Maybe that incomprehensible overload is the key? Couple that with a decent taper and bingo, the lads are already showing some fantastic new race PB's.

I've decided on a different approach, a bit like less is more or 'normally aspirated versus turbo'. I have to be clever. Enter Adam Bitchell, a current Commonwealth Games 10,000 metres representative for Wales who is local despite now being based in the US. His email at Christmas, advertising his new coaching company made me decide to take a punt. I've coached myself for years, or scrounged bits and bobs from clubmates and peers and generally found my way, in a haze of poor nutrition, too much beer and a 'raise the bar' attitude on race day to surpass form book expectations...

I told Adam to target half marathon distances instead of the full 26.2, and so my annual guilt trip of not doing enough training mileage was curtailed due to the new weekly schedule that was more in keeping with my current lifestyle. Out went the 20 mile Sunday runs. I can get a couple of hours at best, with a mad one year old in the house, combined with an even madder three year old and I'm happy to admit that its the sensible thing to do, rather than be away on a Sunday for 3-4 hours doing the longer stuff. My new long day is 13 miles, with Saturdays usually run free! Thanks Adam.

I've tried to follow the programme as best as possible, and apart from two dodgy illness and 6-Nations fuelled weeks in early Feb, I have done so. I've raced only once, well, make that three times if you include club TT's and Parkruns with a hangover in Dublin...

My race was the Tregaron Half, which I've done three times previous but not for 3 years due to a clash with the Anglesey Half which is a toughie. My best Tregaron was a 1.26 whereas Ynys Mon saw a 1.31 and a 1.27 the last two years, nowt to cheer about really based on what I should be running a half in. Consider i ran a 1.24 for the first half of Snowdonia Marathon last year!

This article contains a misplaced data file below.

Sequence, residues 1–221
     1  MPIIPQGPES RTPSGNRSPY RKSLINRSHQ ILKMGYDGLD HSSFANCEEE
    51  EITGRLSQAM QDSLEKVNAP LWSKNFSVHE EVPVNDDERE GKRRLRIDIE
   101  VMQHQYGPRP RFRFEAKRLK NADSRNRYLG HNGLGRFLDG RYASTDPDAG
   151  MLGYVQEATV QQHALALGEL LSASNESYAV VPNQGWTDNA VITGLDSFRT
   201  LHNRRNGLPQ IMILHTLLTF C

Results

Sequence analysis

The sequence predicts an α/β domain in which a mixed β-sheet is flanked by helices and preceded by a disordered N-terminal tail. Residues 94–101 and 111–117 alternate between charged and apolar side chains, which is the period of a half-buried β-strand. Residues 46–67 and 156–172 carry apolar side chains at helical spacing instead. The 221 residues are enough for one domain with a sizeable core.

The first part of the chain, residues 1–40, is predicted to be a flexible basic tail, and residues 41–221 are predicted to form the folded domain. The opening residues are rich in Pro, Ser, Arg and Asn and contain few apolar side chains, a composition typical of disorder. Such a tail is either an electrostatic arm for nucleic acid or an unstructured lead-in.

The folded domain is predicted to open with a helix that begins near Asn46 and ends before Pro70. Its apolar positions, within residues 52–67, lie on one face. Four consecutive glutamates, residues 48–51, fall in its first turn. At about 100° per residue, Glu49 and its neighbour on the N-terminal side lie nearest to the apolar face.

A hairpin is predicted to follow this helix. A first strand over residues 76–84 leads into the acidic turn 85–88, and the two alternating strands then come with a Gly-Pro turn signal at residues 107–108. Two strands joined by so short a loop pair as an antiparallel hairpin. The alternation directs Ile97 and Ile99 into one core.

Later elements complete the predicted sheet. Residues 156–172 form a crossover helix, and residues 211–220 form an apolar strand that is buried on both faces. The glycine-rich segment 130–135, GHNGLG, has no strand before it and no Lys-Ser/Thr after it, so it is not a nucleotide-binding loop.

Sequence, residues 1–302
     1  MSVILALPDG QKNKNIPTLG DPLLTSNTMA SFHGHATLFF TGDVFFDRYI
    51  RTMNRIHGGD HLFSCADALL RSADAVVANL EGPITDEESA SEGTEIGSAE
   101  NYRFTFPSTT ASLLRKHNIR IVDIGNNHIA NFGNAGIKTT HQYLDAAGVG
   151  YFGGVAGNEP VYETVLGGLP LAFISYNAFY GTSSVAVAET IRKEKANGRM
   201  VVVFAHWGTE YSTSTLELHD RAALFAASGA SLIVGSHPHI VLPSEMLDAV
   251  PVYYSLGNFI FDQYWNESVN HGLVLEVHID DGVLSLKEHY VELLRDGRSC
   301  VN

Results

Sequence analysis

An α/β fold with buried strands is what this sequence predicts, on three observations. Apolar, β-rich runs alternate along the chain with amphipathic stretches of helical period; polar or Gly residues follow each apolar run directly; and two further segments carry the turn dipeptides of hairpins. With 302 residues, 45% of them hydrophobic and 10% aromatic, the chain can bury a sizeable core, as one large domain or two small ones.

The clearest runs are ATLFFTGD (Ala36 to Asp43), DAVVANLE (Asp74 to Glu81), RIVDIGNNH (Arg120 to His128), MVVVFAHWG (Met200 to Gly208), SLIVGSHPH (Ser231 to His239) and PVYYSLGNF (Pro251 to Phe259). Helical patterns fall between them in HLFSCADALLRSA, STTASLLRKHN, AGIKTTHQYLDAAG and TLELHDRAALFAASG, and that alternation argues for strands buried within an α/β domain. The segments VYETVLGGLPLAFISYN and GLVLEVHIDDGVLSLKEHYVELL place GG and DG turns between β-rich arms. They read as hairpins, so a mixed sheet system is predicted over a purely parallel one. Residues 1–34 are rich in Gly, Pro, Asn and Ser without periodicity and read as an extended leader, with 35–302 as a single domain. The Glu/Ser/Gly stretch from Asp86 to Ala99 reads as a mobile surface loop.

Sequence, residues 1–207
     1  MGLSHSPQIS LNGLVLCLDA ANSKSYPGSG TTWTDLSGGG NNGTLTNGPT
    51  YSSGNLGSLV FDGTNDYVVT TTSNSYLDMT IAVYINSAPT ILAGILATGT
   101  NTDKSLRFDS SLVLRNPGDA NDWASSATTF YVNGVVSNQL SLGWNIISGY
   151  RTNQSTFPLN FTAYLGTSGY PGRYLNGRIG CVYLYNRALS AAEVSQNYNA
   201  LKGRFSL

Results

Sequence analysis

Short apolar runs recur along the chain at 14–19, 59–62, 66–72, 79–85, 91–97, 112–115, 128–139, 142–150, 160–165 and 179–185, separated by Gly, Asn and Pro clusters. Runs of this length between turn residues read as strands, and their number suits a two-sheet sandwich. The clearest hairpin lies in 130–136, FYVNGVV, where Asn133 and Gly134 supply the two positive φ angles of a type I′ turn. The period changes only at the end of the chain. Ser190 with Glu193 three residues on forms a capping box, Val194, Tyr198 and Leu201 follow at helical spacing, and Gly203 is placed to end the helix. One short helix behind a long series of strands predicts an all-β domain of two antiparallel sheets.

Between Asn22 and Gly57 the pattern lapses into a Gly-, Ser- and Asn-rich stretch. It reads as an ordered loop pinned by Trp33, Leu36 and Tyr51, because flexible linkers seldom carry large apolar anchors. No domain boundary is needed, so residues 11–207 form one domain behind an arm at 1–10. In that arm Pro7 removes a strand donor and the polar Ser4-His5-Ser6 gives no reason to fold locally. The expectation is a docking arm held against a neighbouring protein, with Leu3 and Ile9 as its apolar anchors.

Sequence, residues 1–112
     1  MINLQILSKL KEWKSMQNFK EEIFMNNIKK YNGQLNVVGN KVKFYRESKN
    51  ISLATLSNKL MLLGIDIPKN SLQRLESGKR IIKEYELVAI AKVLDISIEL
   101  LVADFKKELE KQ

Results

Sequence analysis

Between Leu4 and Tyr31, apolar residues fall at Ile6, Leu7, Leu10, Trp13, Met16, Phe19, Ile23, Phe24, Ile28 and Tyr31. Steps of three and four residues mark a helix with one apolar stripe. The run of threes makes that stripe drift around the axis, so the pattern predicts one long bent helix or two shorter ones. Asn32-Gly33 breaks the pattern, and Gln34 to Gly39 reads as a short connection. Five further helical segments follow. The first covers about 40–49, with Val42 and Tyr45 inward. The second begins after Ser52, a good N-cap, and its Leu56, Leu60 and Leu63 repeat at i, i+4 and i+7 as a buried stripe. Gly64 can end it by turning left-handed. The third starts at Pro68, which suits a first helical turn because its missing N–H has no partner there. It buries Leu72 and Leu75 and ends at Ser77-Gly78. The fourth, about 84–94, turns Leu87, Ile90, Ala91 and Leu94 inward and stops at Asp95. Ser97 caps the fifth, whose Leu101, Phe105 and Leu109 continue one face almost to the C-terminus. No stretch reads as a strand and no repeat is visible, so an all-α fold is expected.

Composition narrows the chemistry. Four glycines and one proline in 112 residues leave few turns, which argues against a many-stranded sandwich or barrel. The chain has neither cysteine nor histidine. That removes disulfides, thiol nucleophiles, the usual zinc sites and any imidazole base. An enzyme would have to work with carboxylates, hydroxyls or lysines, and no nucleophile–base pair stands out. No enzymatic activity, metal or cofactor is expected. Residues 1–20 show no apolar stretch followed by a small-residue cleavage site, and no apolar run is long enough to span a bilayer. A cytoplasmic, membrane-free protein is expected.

So back to Tregaron with my new slimline training regime that was similar to what i was doing previously in terms of tempo and speed, but slightly more structured, and more track and somehow Adam manages to give me target splits that are spot on for my current fitness, both being just about achievable whilst leaving me fit enough to run the following day.

I raced Tregaron like I've never raced before. I actually 'raced', as in it was not an individual time trial like most races end up being. I had the power to start fast, making the front group and then settling into a small group of 7 before we hit the hills. Most had overtaken me at this point but rather than panic, I got stuck in and like a silent assassin, I picked them off one by one until only three were left. These guys were good, they were on form, so was I. They were just a tad too fast for me on the flat, but i went with it, not worrying about the latter stages for once. I was stronger on the hills, but we formed a kind of allegiance which worked really well.

We hit the 'bog' at 8 miles, a three mile straight liner that kills you mentally before the fatal physical blow is given at around mile 11. Not this time. My friends fell back at mile 9. I was in 7th place, up from 13th in mile 3 and forged a gap of around 200 metres. Just 2 1/2 miles to go and back onto the road. I faltered, I heard the screams behind. The effort was resonating with them too, and the screams and shouts were getting louder. 1 mile to go, i felt like collapsing in the hedge and letting them through, but at the same point, i also had the idea of sprinting for a mile. If i could run a sub 6 last mile, they would have to run a 5.45 to beat me. I'm convinced these kinds of thoughts only appear in seasoned runners heads at this point in a race, and so i grabbed the thought and put it into action.

There was actually 1.1 miles to go, as half marathons have a distance of 13.1 and that last .1 was done on fumes. I'd sprinted to a sub 6 but still had some distance to go. I was out of power, with that 'I've crossed the finish line' feeling, except that I hadn't.... I crawled in, holding off my pursuiters by a good 30 seconds and so the job was in hand as i threw up as I crossed the line. Why oh why do we put ourselves through such harm?

That was the first time an effort had made me throw up. Maybe it was coincidence, and I actually have a new stomach condition, wouldn't be the first time.. I had won the over 40's shield which was a very grand trophy which I am proud of. Second place went to the guy just behind me and so i was so glad that the manning up process had kicked in at 12 miles.

Onto recent training and all is going well. My time at Tregaron was 1.23 - a PB on that course of 3 minutes which i can't quite comprehend, We've all come on so much at Aber AC and so now Adam is pushing me to do 1.21 at my goal race, the Cardiff Half in 2 weeks time.

Stay tuned.